Americans have an overwhelmingly favorable view of George Washington, the nation’s first president, but very few consider his birthday which we honor today as a very important holiday.
A new Rasmussen Reports national telephone survey finds that 91% of American Adults hold at least a somewhat favorable opinion of the so-called Father of Our Country, a sentiment little changed for nearly four years. This includes 53% who regard him Very Favorably. Just four percent view Washington unfavorably. (To see survey question wording, click here.)
But only nine percent (9%) rate President’s Day as one of America’s most important holidays, down slightly from findings the last couple years. Thirty-one percent (31%) see it as one of the country’s least important holidays, while 58% consider it somewhere in between the two.
By a two-to-one margin (60% to 30%), in fact, Americans think Abraham Lincoln had a more lasting impact on U.S. history than Washington did, which perhaps gives some indication why many states also celebrate Lincoln’s February birthday on President’s Day. Still, this is a slight improvement for the first president from a year ago. The official federal holiday only honors Washington.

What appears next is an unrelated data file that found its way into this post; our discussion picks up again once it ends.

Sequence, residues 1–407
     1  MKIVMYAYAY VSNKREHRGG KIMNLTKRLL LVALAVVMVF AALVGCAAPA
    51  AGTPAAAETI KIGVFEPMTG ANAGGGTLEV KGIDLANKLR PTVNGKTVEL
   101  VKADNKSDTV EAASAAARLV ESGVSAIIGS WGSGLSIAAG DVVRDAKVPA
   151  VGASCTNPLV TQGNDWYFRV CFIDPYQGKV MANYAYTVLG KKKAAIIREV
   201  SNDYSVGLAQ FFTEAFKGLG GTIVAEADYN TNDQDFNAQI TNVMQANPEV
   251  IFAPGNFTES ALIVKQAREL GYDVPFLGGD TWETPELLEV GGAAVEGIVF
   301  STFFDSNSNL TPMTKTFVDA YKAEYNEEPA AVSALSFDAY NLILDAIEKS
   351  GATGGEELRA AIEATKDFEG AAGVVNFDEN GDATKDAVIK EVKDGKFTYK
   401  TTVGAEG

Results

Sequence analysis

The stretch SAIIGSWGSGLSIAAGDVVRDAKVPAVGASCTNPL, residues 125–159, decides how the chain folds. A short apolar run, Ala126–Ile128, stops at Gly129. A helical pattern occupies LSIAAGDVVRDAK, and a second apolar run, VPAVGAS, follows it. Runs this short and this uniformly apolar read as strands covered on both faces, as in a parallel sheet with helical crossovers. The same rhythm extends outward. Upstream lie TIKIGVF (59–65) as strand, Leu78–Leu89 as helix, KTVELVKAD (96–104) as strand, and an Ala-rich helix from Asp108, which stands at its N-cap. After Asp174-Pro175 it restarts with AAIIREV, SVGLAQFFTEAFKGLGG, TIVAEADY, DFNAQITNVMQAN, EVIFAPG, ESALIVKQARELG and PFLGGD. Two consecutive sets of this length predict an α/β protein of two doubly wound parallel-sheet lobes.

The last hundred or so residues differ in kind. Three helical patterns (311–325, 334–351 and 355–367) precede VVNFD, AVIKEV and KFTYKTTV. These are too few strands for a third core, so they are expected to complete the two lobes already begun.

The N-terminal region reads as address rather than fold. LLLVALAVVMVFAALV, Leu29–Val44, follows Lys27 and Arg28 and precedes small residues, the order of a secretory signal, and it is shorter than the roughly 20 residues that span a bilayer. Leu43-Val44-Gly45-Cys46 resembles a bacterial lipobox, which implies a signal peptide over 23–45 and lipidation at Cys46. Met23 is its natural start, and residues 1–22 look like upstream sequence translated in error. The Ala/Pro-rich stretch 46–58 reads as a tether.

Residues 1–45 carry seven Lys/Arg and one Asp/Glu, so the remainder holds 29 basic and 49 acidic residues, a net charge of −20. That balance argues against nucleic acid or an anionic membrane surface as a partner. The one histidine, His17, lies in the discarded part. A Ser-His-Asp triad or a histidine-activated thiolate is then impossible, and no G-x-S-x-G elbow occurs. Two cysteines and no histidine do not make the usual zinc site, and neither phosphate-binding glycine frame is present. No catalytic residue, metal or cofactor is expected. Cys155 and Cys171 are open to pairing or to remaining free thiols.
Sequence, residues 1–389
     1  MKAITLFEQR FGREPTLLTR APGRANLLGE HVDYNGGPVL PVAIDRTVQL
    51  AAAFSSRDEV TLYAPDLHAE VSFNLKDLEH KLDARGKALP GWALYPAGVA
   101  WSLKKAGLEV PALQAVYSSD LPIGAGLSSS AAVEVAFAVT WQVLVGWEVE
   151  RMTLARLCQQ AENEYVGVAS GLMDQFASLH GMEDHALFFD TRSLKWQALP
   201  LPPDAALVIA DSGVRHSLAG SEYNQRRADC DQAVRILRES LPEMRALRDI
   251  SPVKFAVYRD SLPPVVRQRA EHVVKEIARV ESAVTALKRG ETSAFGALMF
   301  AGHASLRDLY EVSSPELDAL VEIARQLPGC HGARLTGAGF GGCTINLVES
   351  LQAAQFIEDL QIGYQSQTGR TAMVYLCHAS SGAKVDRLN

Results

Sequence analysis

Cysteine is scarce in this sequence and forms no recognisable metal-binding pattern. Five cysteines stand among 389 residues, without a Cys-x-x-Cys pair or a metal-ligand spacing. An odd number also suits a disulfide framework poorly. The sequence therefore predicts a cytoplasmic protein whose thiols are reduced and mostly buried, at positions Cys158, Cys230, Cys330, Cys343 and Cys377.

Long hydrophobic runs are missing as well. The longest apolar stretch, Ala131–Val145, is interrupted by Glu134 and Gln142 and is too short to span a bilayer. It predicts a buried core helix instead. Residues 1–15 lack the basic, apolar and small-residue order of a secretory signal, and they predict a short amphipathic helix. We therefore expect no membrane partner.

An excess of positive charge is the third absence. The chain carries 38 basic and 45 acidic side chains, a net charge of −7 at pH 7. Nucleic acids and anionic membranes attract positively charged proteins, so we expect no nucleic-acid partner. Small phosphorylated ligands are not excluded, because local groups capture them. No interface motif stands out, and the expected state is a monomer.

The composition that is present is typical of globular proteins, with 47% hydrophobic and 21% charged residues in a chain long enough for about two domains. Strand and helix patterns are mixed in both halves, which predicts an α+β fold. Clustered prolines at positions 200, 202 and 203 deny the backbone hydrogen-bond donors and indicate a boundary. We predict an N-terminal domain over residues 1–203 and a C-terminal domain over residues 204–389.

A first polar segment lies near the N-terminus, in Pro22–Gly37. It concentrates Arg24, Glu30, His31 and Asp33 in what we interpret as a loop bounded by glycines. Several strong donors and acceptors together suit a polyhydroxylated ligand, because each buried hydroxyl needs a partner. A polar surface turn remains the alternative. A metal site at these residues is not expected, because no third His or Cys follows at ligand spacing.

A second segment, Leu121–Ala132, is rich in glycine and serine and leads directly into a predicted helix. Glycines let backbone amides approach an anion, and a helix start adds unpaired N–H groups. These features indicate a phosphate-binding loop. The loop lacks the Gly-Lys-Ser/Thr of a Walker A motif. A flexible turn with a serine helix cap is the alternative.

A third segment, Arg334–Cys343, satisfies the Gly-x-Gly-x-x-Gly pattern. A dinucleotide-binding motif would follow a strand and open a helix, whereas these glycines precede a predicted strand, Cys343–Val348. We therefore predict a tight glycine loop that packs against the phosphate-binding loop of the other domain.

Ninety-three percent (93%) of adults view Lincoln at least somewhat favorably, with 68% who have a Very Favorable opinion of the Civil War president. Again, only four percent (4%) have an unfavorable feeling about him. This is virtually identical to findings in the July 2007 survey when Washington and Lincoln also ran neck-and-neck in terms of favorability.
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The survey of 1,000 Adults was conducted on February 17-18, 2011 by Rasmussen Reports. The margin of sampling error is +/- 3 percentage points with a 95% level of confidence. Field work for all Rasmussen Reports surveys is conducted by Pulse Opinion Research, LLC. See methodology.
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